BTW, neither chart shows Greece, Ireland, Latvia having double/triple productivity over France/US. I can't see how you concluded that unless you had confused the chart that shows "change over previous year" with the productivity/hour charts. Your point is supported by Lativia's having 122 vs US 104.8 in 2009 in the 2005=100 relative chart (or similar years), but that's about 20%, not nearly 300%.

FWIW, I thought for sure that someone would call me out for using Estonia's economic reports.
For that reason, I suspect that you, AC, did not actually look at what I offered.

BTW, The EU has their own web site http://epp.eurostat.ec.europa.... for the same kind of tables with different numbers.

Comment: Re:Read between the lines (Score 3, Insightful) 303

by clovis (#46448125) Attached to: Google Chairman on WhatsApp: $19 Bn For 50 People? Good For Them!

Or this, which agrees with ebbo-10db: http://www.stat.ee/64454

I say neither chart is useful. It's just dividing the GDP by guesses at how many hours are worked by the people in each country. It really just tells us that some countries get their money in different ways than others.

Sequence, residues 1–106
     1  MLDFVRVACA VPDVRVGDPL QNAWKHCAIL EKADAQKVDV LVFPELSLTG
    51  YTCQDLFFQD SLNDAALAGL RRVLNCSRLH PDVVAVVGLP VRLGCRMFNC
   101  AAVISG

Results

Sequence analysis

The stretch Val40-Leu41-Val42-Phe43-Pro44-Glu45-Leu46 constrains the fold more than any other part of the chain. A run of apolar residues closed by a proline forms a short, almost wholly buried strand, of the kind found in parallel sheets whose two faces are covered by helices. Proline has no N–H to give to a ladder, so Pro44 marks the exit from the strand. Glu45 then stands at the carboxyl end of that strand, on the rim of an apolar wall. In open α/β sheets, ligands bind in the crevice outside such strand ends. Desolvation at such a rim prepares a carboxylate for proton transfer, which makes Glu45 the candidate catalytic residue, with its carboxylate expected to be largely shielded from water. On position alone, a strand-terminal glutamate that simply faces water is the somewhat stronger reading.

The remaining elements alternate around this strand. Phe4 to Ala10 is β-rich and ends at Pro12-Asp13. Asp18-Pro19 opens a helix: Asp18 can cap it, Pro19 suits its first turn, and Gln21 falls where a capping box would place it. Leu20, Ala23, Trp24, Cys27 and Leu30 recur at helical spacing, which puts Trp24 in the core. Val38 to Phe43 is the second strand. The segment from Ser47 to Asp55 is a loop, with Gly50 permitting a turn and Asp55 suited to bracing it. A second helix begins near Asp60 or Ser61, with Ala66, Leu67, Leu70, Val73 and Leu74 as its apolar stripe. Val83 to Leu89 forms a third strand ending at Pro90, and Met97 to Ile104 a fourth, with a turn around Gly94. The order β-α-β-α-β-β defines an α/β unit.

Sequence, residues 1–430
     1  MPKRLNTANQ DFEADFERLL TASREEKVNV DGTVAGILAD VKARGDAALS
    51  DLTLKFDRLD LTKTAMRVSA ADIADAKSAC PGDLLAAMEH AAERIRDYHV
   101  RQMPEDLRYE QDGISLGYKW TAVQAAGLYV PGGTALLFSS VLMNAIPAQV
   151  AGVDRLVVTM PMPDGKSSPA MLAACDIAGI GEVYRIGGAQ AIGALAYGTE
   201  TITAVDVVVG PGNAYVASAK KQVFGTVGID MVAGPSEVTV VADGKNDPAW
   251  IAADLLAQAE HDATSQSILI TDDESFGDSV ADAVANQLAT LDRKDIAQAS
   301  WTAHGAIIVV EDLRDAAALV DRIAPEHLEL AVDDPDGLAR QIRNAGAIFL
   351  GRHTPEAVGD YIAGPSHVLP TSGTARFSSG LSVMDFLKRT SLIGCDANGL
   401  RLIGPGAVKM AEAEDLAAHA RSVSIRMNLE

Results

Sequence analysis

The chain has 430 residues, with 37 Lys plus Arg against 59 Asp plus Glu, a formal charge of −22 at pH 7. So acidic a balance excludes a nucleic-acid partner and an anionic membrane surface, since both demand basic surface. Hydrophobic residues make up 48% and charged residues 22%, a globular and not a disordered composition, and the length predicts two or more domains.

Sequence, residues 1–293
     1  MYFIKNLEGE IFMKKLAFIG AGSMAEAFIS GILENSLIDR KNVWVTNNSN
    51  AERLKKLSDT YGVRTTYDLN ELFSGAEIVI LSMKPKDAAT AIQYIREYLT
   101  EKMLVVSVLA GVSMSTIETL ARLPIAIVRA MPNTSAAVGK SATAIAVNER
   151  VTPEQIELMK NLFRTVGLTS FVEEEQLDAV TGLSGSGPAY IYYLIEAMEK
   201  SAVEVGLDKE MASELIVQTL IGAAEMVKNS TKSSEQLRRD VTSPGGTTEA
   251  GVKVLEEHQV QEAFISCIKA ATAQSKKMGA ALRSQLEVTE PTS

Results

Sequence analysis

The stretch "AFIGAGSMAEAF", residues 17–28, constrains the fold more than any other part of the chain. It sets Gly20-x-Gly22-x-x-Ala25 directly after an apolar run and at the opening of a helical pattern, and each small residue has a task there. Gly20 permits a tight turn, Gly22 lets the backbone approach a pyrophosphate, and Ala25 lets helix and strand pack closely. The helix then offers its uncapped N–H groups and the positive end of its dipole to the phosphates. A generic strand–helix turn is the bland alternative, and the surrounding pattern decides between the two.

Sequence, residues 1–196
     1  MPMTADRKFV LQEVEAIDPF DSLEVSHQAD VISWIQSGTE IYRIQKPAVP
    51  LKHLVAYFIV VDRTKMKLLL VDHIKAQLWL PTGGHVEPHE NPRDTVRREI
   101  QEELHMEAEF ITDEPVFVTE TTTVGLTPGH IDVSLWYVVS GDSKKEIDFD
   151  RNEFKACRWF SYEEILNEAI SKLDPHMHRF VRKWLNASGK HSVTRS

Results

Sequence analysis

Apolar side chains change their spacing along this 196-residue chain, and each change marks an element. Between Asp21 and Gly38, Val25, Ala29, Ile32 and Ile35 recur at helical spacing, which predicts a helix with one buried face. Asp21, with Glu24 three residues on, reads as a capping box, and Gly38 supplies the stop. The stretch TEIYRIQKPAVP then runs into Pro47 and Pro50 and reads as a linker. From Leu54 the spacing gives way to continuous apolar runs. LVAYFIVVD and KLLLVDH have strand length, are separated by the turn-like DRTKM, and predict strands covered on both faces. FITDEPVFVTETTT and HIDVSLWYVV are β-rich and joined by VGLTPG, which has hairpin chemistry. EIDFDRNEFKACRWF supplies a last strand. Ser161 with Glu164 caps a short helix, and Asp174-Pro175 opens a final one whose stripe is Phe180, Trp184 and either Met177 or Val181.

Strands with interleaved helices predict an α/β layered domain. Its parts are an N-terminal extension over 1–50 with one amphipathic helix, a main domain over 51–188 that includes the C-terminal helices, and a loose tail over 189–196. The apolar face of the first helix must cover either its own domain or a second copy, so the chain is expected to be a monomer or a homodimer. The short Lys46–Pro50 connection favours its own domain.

What we would want to know is how productive a worker is in comparable industries.
Consider that Norway's economy has a huge component of production and export of natural resources (oil etc) while Luxembourg is almost all financial services and perhaps banking secrecy.
There is no meaning in comparing the dollars produced by an Norway oil platform worker to that of a Luxembourg bank's US Treasury bond manager.
I'm surprised France is as high as it is considering how much of its economy is based on agriculture. That is to say a high labor-low pay industry, and similarly for tourism.

Comment: Re:i interpret it to mean (Score 2) 497

by clovis (#46433111) Attached to: Can Science Ever Be "Settled?"